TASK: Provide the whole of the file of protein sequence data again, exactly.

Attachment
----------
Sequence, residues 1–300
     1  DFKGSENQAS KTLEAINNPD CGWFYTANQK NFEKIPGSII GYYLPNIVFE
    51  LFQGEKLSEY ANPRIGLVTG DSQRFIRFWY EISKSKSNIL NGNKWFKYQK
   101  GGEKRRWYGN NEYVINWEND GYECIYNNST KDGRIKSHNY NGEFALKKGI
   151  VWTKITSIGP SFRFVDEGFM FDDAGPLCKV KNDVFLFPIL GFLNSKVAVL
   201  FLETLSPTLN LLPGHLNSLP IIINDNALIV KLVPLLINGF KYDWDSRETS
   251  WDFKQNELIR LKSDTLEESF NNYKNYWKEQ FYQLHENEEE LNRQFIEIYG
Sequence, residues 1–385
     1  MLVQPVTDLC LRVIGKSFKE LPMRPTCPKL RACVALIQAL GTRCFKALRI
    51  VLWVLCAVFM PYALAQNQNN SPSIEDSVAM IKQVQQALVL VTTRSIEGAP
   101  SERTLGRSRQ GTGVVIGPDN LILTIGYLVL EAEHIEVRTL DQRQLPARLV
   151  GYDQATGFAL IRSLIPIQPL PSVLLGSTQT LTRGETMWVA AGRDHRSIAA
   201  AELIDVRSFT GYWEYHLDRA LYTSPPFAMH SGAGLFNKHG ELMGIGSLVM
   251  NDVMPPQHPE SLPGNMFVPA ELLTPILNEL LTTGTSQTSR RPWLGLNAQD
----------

Sequence, residues 1–300
     1  DFKGSENQAS KTLEAINNPD CGWFYTANQK NFEKIPGSII GYYLPNIVFE
    51  LFQGEKLSEY ANPRIGLVTG DSQRFIRFWY EISKSKSNIL NGNKWFKYQK
   101  GGEKRRWYGN NEYVINWEND GYECIYNNST KDGRIKSHNY NGEFALKKGI
   151  VWTKITSIGP SFRFVDEGFM FDDAGPLCKV KNDVFLFPIL GFLNSKVAVL
   201  FLETLSPTLN LLPGHLNSLP IIINDNALIV KLVPLLINGF KYDWDSRETS
   251  WDFKQNELIR LKSDTLEESF NNYKNYWKEQ FYQLHENEEE LNRQFIEIYG
Sequence, residues 1–385
     1  MLVQPVTDLC LRVIGKSFKE LPMRPTCPKL RACVALIQAL GTRCFKALRI
    51  VLWVLCAVFM PYALAQNQNN SPSIEDSVAM IKQVQQALVL VTTRSIEGAP
   101  SERTLGRSRQ GTGVVIGPDN LILTIGYLVL EAEHIEVRTL DQRQLPARLV
   151  GYDQATGFAL IRSLIPIQPL PSVLLGSTQT LTRGETMWVA AGRDHRSIAA
   201  AELIDVRSFT GYWEYHLDRA LYTSPPFAMH SGAGLFNKHG ELMGIGSLVM
   251  NDVMPPQHPE SLPGNMFVPA ELLTPILNEL LTTGTSQTSR RPWLGLNAQD